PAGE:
3.) Firewatch (PC)
From a design perspective alone, Firewatch is a must play. While arguably the most gorgeous game in recent memory, thanks in large part to the work of acclaimed designer Olly Moss, Firewatch doesn’t simply win points for looking great. The game has a one of the most engaging storylines that jumps between genres from suspense and horror, to comedy and more. There’s a sad, dark undertone to what appears to be a bright and poppy game that few big-budget titles successfully achieve, let alone indie titles.
The voice acting and sound design mesh perfectly with the aesthetics of the world and really help drive the narrative in a consistently compelling way from start to finish. The work by the team to create a relationship between the player, as the main character Hank, and his co-worker Delilah is really incredible considering how much of their interaction is done over radio and not in-person. By the end of the game, I can’t imagine someone not rooting for the two of them in some way.
I’ve played a ton of games recently that seemed to feel like they needed to clock in at a higher playtime to justify the game to players. Coming in at roughly 3–4 hour total gameplay time, Firewatch provides just the right amount of exploration and puzzle solving without overstaying its welcome.
This is Campo Santo’s first title and it’s great one. I can’t wait to see what else the team has for us in the years to come.
2.) Batman: The Telltale Series (PS4)
Without question, Telltale’s idea of a Batman game is the best, most compelling Batman video game experience to date (yes, it’s better than the Arkham series in my opinion). The game moves at a good pace and builds an entirely new canon than what we’ve seen previously in a Batman comic, movie, etc.
Bruce Wayne and Batman are pitted against not only Gotham City itself but also a growing gallery of rogues. Many classic Batman foes and other familiar faces from the comic books make appearances in the five-part series including The Penguin, Two-Face, Joker, and more. Each villain is reworked, some more than others, often with a fresh look and more new details added to their background. This ensures that almost everything about the game world feels new for Batman fans new and old.
Visually, the game isn’t much different than the previous Telltale releases, with its cell-shaded characters and environments. This obviously lends itself well to a story based on a comic book, essentially giving the game a look similar to what you might see in a motion comic.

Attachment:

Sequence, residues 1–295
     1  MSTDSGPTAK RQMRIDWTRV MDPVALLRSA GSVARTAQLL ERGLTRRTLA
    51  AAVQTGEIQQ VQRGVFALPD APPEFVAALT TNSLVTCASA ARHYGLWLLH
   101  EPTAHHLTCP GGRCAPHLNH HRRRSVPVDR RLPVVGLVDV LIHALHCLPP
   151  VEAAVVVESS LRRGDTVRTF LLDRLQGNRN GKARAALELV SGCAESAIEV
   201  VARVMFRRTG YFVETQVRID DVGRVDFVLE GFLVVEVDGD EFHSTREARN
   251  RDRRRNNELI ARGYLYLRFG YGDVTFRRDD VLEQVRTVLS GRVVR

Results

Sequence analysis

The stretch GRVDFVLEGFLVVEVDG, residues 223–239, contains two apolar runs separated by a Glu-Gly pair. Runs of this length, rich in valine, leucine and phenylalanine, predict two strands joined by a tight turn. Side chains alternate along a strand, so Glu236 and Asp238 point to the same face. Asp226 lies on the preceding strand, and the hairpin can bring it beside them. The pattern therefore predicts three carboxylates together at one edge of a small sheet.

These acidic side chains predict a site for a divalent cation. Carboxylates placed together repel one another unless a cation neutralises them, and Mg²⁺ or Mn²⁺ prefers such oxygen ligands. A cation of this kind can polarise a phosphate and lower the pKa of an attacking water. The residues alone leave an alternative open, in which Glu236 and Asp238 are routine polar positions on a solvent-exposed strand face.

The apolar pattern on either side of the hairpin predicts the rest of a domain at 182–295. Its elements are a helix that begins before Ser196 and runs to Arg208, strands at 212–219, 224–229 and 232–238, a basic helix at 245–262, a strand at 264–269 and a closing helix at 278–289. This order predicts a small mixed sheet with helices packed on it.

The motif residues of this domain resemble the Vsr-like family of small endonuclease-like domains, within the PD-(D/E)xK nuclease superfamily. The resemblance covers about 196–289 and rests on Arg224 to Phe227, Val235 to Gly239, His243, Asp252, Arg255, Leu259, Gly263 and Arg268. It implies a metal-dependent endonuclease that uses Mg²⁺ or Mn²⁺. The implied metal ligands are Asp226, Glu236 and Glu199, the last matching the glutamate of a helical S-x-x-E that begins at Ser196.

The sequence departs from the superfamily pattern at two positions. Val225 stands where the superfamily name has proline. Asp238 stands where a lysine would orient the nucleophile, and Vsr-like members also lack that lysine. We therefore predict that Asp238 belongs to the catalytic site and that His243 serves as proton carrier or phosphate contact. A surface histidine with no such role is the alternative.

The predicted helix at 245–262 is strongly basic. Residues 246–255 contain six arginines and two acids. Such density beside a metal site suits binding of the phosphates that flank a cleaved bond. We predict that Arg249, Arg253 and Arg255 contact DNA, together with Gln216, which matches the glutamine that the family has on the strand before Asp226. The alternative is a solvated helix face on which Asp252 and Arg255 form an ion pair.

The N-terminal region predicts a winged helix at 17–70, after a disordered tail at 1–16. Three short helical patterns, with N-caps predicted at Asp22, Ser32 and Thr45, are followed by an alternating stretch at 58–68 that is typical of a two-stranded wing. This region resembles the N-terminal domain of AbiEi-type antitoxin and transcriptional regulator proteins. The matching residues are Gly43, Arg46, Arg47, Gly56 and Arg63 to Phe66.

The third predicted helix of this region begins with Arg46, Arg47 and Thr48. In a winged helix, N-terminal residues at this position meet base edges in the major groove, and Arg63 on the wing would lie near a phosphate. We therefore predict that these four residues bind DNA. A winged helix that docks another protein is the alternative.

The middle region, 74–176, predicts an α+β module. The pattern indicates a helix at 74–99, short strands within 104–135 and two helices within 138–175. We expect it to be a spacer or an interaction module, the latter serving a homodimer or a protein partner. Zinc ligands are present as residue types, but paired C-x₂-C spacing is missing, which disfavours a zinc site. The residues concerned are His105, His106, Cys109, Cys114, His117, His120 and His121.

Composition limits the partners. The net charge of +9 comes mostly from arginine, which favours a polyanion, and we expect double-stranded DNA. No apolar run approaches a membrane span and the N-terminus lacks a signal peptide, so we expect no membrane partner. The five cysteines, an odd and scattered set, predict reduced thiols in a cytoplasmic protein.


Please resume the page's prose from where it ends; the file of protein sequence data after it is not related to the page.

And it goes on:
Some minor bugs aside, Telltale’s Batman game is not only one of the best things I played last year but likely the best game Telltale has released to date. I can’t wait to see what they have in store for season 2.
1.) Dark Souls III (PS4)
The original Dark Souls changed the way I thought about games. It was the bar I used for a long time to measure other games I played and planned to play. Dark Souls II was a pretty big letdown, I found the mechanics too complicated and the world less connected than the original game. So, it goes without saying that my expectations for this game were pretty high.
With refined combat mechanics, incredible graphics, and terrifying new enemies, Dark Souls III is a true tour de force and features some of the most memorable and difficult fights ever seen in a Souls game. From your first battle against Iudex Gundyr as he transforms into something completely otherworldly to the seemingly impossible fight against the Nameless King in the closing hours of the game, Dark Souls III grabs hold quickly and stays with you long after you finish the game. Like the games before it, it’s both the most frustrating and satisfying game you’ll likely ever play.
While Dark Souls II felt like a sequel for sequels sake, From Software’s third installment is a love letter to fans of the series and is every bit as amazing as I’d hoped it would be. Revisiting locations and meeting characters from the previous games really makes the third game feel like a proper end cap to the series. By bringing back so many elements that made the original game so great, correcting many of the mistakes of the second game, and borrowing many things from Bloodborne, Dark Souls III is an unforgettable nightmare of a game that forges its own path while honouring everything fans have come to love about the Souls series.
This was a bold move by Remedy (famous for Max Payne, Alan Wake) to essentially transform part of the game into a TV show and it works for the most part. The story is interesting, the game is visually stunning, but fairly generic third-person combat takes away from this otherwise great game.
Stardew Valley is a classic farming sim, and the Harvest Moon game Natsume wishes they could still make. ‘Nuff said.
The Witcher III: Blood & Wine
Technically not a game per se but it would be a crime not to include this amazing DLC from any Game of the Year list in some way. Blood & Wine features a beautiful new environment, guest-appearances by classic Witcher characters, and roughly 30–40 hours of quality content that some full games only dream of. Also a perfect ending to the Witcher series.